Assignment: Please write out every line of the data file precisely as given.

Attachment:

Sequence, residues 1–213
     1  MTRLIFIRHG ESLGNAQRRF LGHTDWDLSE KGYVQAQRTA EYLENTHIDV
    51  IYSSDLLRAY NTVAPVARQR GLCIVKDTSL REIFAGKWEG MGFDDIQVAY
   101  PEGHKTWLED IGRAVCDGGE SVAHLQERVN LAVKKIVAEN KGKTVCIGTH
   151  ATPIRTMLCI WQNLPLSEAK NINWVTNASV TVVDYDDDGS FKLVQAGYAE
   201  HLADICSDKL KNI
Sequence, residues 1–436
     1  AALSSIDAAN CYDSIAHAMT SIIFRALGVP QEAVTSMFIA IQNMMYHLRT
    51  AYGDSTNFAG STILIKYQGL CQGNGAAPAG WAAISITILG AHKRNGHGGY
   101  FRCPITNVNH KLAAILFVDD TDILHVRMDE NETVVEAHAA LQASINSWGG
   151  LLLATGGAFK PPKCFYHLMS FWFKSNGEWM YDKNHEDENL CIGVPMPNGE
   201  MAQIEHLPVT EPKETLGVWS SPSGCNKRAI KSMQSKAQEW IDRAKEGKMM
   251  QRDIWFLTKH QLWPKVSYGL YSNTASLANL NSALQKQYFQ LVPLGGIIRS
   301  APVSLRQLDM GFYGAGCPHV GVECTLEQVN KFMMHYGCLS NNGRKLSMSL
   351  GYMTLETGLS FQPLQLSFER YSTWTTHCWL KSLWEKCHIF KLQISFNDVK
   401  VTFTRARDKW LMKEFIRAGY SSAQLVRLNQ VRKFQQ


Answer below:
Sequence, residues 1–213
     1  MTRLIFIRHG ESLGNAQRRF LGHTDWDLSE KGYVQAQRTA EYLENTHIDV
    51  IYSSDLLRAY NTVAPVARQR GLCIVKDTSL REIFAGKWEG MGFDDIQVAY
   101  PEGHKTWLED IGRAVCDGGE SVAHLQERVN LAVKKIVAEN KGKTVCIGTH
   151  ATPIRTMLCI WQNLPLSEAK NINWVTNASV TVVDYDDDGS FKLVQAGYAE
   201  HLADICSDKL KNI
Sequence, residues 1–436
     1  AALSSIDAAN CYDSIAHAMT SIIFRALGVP QEAVTSMFIA IQNMMYHLRT
    51  AYGDSTNFAG STILIKYQGL CQGNGAAPAG WAAISITILG AHKRNGHGGY
   101  FRCPITNVNH KLAAILFVDD TDILHVRMDE NETVVEAHAA LQASINSWGG
   151  LLLATGGAFK PPKCFYHLMS FWFKSNGEWM YDKNHEDENL CIGVPMPNGE
   201  MAQIEHLPVT EPKETLGVWS SPSGCNKRAI KSMQSKAQEW IDRAKEGKMM
   251  QRDIWFLTKH QLWPKVSYGL YSNTASLANL NSALQKQYFQ LVPLGGIIRS
   301  APVSLRQLDM GFYGAGCPHV GVECTLEQVN KFMMHYGCLS NNGRKLSMSL
   351  GYMTLETGLS FQPLQLSFER YSTWTTHCWL KSLWEKCHIF KLQISFNDVK
   401  VTFTRARDKW LMKEFIRAGY SSAQLVRLNQ VRKFQQ